Ranchers continue to scapegoat wild horses, plan roundups
By Nicole Rivard
Recently Equine Welfare Alliance, The Cloud Foundation and Wild Horse Freedom Federation released BLM livestock data for Beaver County and Iron County, Utah, showing that despite a chorus of demands from ranchers for the removal of wild horses from the over-grazed range; the data shows cows and sheep outnumber wild horses 10.6:1 in these areas.
“It is irresponsible and false for Iron County commissioners or anyone to claim that the wild horses in that area are having a significant negative impact on livestock and wildlife as some local news releases have indicated,” said Bob Edwards, range scientist and 30-year veteran of the BLM. “Having been well acquainted with these areas for over 25 years as a BLM employee, it is obvious that resource degradation has been and presently is mostly caused by livestock, which have been historically allowed on these areas in excess numbers and duration.”
The release of this data comes on the heels of Friends of Animals and The Cloud Foundation filing a petition with the U.S. Fish and Wildlife Service to list North American wild horses on public lands as threatened or endangered under the Endangered Species Act (ESA) since the Wild Free-Roaming Horse and Burro Act (WHBA), which was passed in 1971, has failed to protect our wild horses. Six states have already lost their wild horse populations—Missouri, Iowa, Arkansas, Texas, Oklahoma and Kansas.
“The situation of lacking forage started years ago with continual overuse of forage resources by livestock. The practice still occurs. To now use the wild horses as a scapegoat because livestock numbers must be reduced is totally unfair and unacceptable,” Edwards continued. “The rationale for this is not and cannot be based on scientific data. The BLM and Iron County commissioners must step up and deal with the real problem on the landscape: allowing livestock to graze public lands.”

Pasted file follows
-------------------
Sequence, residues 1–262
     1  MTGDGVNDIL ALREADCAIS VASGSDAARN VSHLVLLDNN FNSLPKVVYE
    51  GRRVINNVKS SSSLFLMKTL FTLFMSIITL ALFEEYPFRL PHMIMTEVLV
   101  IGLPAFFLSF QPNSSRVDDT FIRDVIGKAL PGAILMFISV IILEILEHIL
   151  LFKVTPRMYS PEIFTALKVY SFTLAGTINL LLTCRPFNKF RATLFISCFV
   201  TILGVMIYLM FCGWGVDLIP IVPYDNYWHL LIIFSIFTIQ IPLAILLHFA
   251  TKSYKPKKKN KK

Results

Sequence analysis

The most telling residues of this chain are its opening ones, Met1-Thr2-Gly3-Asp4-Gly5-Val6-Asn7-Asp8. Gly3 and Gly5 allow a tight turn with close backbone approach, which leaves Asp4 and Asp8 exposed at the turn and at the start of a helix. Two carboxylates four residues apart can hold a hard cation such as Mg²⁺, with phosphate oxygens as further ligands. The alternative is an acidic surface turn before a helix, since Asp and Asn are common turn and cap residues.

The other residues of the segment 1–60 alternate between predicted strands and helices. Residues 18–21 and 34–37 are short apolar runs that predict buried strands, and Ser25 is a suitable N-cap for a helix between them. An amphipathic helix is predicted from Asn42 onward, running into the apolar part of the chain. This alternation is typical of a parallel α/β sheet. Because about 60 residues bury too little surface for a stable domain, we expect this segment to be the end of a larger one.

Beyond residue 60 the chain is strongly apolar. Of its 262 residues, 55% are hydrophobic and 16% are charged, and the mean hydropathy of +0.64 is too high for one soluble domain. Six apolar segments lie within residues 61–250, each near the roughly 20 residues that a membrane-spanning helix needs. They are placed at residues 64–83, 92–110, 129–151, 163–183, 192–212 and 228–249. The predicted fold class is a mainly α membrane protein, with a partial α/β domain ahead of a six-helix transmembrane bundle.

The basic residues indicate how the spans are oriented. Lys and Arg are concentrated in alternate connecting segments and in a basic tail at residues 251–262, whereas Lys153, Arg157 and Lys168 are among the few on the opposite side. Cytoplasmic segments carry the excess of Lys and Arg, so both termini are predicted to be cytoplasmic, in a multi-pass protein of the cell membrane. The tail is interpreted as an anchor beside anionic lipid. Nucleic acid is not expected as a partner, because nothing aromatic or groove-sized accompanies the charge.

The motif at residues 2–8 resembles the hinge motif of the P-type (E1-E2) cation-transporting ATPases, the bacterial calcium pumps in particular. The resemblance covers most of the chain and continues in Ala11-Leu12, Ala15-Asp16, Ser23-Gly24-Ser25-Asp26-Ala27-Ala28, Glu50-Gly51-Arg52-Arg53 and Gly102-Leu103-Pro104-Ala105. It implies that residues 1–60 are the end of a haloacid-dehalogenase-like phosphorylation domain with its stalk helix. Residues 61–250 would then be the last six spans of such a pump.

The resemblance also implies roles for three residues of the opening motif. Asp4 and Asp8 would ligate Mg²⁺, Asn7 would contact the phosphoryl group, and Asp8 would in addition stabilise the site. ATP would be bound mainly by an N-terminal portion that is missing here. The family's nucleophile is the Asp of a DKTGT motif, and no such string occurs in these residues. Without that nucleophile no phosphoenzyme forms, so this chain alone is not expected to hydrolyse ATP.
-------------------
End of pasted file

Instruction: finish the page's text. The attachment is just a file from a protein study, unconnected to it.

Angry ranchers began demanding the removal of the wild horses shortly after the BLM requested them to reduce their own cow and sheep grazing. The ongoing drought has forced the move.
“Faced with the loss of cheap forage for their cattle and sheep, the ranchers found a way to deflect the blame and economic burden,” said Vickery Eckhoff, an AlterNet writer who was fired by Forbes after writing an article critical of welfare ranching.
“When the BLM refers to wild horses as 'overpopulated' they must have their tongues firmly in their cheeks,” said Ginger Kathrens, director of The Cloud Foundation. “The only reason they characterize wild horses as overpopulated is because they allocate the lions' share of forage to livestock.”
“The BLM is correct on one point,” said R.T. Fitch, president of Wild Horse Freedom Federation. “Public lands are overgrazed; but the villains are not wild horses, burros and wildlife. The destruction comes from privately owned, BLM-approved, tax-payer subsidized, welfare cattle and sheep.”
Despite the BLM’s lies, it has permission to remove 200 horses from Beaver and Iron Counties, 140 of which will be removed from the Blawn Wash Herd Area. The BLM’s 2014 wild horse and burro removal schedule is going to be particularly devastating to Red Desert wild horses in Wyoming, says equine photographer, and director of field documentation for Wild Horse Freedom Federation, Carol Walker.
She points out three specific roundups: Adobe Town 8/20 – 8/24, plan to remove 177 wild horses; Salt Wells Creek 8/24 – 8-28, plan to remove 228 wild horses; and Great Divide Basin 8/28 – 9/10, plan to remove 541 wild horses. These roundups are planned despite having removed 586 wild horses from Salt Wells Creek and Adobe Town in December 2013.
“Looking at the numbers provided by the BLM, Great Divide Basin will be virtually zeroed out after this roundup and removal,” Walker said on her blog, www.wildhoofbeats.com. “The appropriate management level (AML) for the area is 415-600 wild horses. At their May 2013 count they said there were 439 horses and they estimated that there would be 579 in the summer of 2014. Removing 541 would be almost all, if not all, of them.”
Walker also did the math for Salt Wells Creek, where the AML is 251-365. “In their projected estimate before the 2013 roundup, the BLM said there were 823 wild horses, they removed 586, and they plan to remove 228. Even estimating a 20 percent population increase this year, this would bring the population below low AML,” Walker said.
In Adobe Town, the AML is 610-800 wild horses. “The BLM projected the population to be 624 in 2013, they removed 14 in 2013 and they plan to remove 177. Even estimating a 20 percent increase in population this year, this would bring the population below AML,” Walker said.
Walker said she fell in love with wild horses the first time she photographed the Adobe Town herd back in 2004. To find out more about her journey to becoming a wild horse advocate, check out Friends of Animals’ fall edition of Action Line.